Correlation study gives an idea about the contribution of different characters to seed yield. The analysis of correlation provides the information of interrelationship of important plant characters and hence, leads to a directional model for direct and/or indirect improvement in seed yield (Vandana and Dubey 1993).
Therefore, this study was undertaken with the following objectives:
1. to select the suitable lines for pre-monsoon and monsoon seasons,
2. to estimate the genetic variability, heritability and genetic advance for yield and agronomic characters among the tested mungbean breeding lines and
3. to study the association of yield and agronomic characters among the tested mungbean breeding lines.


Important Note..!

If you are not satisfied with above reply ,..Please


So that we will collect data for you and will made reply to the request....OR try below "QUICK REPLY" box to add a reply to this page

Quick Reply
Type your reply to this message here.

Image Verification
Please enter the text contained within the image into the text box below it. This process is used to prevent automated spam bots.
Image Verification
(case insensitive)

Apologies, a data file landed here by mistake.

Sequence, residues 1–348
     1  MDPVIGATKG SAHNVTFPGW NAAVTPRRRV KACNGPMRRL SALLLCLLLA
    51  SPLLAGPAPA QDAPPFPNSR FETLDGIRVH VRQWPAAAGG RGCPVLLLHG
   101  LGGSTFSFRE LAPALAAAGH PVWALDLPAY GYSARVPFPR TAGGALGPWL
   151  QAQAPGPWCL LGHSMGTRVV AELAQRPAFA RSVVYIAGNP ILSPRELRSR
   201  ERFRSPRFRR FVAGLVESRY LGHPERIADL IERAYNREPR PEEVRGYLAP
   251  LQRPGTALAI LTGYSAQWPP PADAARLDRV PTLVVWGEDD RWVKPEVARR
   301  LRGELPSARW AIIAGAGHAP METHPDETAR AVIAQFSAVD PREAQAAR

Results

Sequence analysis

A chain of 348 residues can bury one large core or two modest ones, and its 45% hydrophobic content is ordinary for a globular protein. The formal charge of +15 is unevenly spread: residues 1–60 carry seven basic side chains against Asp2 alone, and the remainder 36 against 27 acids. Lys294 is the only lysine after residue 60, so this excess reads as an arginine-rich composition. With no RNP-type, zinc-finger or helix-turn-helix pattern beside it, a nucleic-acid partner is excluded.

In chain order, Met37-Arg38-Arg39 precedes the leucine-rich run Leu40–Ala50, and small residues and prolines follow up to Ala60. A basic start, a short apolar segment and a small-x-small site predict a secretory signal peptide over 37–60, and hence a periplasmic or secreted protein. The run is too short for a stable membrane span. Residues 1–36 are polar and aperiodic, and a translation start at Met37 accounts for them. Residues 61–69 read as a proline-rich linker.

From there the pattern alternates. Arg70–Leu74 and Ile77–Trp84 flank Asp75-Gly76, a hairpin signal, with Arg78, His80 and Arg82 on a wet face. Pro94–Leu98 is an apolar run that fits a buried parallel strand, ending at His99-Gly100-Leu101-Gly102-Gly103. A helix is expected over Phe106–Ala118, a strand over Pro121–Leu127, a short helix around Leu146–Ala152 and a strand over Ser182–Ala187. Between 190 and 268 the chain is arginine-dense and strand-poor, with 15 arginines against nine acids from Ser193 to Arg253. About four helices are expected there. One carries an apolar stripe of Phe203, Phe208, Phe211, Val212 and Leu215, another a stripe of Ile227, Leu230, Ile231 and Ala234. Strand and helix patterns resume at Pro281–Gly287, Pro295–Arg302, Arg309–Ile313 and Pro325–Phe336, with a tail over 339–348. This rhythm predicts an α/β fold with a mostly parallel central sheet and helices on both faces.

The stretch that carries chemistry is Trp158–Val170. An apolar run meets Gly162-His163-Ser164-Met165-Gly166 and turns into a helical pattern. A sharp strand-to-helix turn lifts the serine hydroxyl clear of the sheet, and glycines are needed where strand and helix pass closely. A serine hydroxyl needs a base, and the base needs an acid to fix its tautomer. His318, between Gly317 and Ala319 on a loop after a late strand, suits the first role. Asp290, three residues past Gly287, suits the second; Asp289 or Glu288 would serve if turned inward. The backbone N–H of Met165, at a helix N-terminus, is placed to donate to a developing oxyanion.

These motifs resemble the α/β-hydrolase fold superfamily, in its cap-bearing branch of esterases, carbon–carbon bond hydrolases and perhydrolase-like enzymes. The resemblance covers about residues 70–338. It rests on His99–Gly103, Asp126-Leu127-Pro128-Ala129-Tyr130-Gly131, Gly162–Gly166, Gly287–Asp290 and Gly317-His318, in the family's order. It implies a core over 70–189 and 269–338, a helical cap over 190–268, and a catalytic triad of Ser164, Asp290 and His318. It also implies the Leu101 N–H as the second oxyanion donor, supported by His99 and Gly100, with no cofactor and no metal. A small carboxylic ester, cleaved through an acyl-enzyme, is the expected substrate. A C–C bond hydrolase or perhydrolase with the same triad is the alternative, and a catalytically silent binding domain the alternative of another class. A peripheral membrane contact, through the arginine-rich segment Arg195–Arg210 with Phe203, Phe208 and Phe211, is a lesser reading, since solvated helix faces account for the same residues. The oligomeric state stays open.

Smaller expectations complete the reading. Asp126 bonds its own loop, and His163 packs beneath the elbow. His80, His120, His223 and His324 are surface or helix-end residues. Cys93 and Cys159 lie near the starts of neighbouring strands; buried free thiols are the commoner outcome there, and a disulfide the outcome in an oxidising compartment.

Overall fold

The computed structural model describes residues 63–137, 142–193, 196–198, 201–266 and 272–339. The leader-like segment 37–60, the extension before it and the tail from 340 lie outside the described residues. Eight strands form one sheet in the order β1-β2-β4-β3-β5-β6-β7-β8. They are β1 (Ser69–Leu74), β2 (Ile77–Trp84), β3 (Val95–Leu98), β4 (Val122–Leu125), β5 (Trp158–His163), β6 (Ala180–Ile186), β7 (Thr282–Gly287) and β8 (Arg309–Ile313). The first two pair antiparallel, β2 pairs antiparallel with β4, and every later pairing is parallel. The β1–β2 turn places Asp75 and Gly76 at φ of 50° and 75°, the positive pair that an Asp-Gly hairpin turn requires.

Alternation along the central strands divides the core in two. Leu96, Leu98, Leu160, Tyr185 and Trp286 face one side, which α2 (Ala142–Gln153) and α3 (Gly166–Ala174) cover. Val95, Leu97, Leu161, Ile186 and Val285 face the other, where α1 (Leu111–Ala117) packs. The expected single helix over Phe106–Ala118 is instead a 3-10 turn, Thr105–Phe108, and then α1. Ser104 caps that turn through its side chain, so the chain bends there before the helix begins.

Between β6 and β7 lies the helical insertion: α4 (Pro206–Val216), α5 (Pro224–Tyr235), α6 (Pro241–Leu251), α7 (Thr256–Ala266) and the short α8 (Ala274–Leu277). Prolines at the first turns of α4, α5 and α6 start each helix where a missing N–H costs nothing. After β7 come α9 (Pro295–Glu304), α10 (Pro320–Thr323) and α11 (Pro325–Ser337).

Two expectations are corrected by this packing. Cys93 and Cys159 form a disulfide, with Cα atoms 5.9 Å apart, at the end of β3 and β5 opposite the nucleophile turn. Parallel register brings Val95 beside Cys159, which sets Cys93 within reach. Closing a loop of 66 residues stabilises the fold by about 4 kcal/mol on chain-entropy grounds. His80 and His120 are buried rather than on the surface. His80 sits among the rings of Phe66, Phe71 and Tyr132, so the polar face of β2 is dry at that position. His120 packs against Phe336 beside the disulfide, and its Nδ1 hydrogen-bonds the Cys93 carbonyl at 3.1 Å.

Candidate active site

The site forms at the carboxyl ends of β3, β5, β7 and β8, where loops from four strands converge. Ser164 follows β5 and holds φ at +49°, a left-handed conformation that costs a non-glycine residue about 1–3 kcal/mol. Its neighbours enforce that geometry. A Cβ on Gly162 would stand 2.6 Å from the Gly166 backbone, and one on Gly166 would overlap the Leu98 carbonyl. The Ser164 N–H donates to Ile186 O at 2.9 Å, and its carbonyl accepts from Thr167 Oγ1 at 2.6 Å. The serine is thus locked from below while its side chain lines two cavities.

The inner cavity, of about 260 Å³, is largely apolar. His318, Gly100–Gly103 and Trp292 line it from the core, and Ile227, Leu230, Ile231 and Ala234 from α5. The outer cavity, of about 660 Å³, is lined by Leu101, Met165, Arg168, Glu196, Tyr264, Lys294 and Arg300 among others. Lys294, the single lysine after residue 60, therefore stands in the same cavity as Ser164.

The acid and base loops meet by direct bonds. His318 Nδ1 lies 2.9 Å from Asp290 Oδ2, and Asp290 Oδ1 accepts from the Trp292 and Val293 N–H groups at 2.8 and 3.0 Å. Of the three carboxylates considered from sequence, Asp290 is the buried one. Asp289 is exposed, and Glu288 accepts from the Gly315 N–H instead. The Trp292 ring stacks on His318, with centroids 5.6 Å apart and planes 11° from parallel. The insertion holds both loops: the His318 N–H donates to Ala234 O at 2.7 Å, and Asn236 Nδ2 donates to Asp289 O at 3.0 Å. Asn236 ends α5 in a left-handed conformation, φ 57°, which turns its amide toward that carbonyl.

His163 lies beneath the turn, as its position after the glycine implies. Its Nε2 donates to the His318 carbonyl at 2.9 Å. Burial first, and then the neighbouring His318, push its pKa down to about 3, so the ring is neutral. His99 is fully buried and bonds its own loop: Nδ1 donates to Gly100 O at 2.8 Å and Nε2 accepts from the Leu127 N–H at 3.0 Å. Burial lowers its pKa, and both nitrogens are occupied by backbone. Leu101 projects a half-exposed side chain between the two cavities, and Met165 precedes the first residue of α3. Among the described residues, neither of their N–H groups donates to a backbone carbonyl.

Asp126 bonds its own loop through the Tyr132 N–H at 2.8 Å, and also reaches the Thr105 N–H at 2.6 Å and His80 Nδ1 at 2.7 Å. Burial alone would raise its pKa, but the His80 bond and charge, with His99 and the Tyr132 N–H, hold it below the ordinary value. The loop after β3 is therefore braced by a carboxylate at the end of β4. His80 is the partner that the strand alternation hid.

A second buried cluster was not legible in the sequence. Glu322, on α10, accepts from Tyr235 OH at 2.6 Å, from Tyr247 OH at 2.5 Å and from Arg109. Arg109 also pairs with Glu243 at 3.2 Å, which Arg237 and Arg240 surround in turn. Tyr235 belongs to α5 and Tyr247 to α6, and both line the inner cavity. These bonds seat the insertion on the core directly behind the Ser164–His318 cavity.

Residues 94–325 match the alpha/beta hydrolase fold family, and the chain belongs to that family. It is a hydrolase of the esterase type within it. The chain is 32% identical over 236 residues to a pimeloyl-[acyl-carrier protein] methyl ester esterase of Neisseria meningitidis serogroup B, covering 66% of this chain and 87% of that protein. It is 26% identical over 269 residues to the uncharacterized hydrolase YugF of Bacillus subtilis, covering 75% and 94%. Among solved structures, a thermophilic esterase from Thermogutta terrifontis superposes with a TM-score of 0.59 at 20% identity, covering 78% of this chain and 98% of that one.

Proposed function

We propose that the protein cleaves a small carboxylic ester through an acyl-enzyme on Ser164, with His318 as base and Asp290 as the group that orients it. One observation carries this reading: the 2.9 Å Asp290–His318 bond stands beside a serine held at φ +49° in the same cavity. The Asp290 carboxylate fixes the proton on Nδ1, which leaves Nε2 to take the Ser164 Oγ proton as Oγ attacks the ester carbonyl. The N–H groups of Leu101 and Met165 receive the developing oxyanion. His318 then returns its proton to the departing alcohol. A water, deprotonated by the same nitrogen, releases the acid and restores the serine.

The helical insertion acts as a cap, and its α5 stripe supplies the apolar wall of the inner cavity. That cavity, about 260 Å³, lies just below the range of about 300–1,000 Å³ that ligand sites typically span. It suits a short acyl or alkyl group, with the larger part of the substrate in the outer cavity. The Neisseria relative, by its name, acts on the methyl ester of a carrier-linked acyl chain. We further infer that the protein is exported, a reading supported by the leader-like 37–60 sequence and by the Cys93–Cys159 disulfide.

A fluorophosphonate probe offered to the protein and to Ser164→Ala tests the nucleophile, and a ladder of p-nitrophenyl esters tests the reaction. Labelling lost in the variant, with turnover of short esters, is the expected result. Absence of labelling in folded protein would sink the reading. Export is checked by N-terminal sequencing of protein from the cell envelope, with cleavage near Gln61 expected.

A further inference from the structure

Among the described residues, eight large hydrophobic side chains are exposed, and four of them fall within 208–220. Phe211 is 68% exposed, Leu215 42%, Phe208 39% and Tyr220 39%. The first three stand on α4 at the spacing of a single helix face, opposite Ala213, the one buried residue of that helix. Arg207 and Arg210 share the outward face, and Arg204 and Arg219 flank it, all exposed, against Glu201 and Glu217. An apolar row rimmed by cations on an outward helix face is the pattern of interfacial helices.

Possibly Related Threads...
Thread Author Replies Views Last Post
  Variability studies and management of Bipolaris sorokiniana, incitants of spot study tips 0 324 09-08-2013, 04:17 PM
Last Post: study tips
  Studies on Cercospora canescens Ell. and Mart causing leaf spot disease of greengram study tips 0 230 09-08-2013, 03:28 PM
Last Post: study tips
  Studies on the influence of different lignocellulosic substrates on the cropping study tips 0 230 07-08-2013, 01:14 PM
Last Post: study tips
  Systematic studies on wild edible mushrooms in Jammu and Kashmir study tips 0 217 07-08-2013, 01:00 PM
Last Post: study tips
  Preliminary studies on the mycobial contamination in dried seed kernels of apricot study tips 0 185 07-08-2013, 12:59 PM
Last Post: study tips
  Physiological Studies of Alternaria solani causing early blight of tomato study tips 0 217 07-08-2013, 12:55 PM
Last Post: study tips
  Studies on Powdery Mildews in Apple and its Intigrated Management study tips 0 218 06-08-2013, 04:57 PM
Last Post: study tips
  Studies on foliar diseases of tomato and their management by different fungicides study tips 0 223 06-08-2013, 04:56 PM
Last Post: study tips
  Regression and Correlation PPT project girl 0 354 06-12-2012, 01:17 PM
Last Post: project girl
Last Post: project girl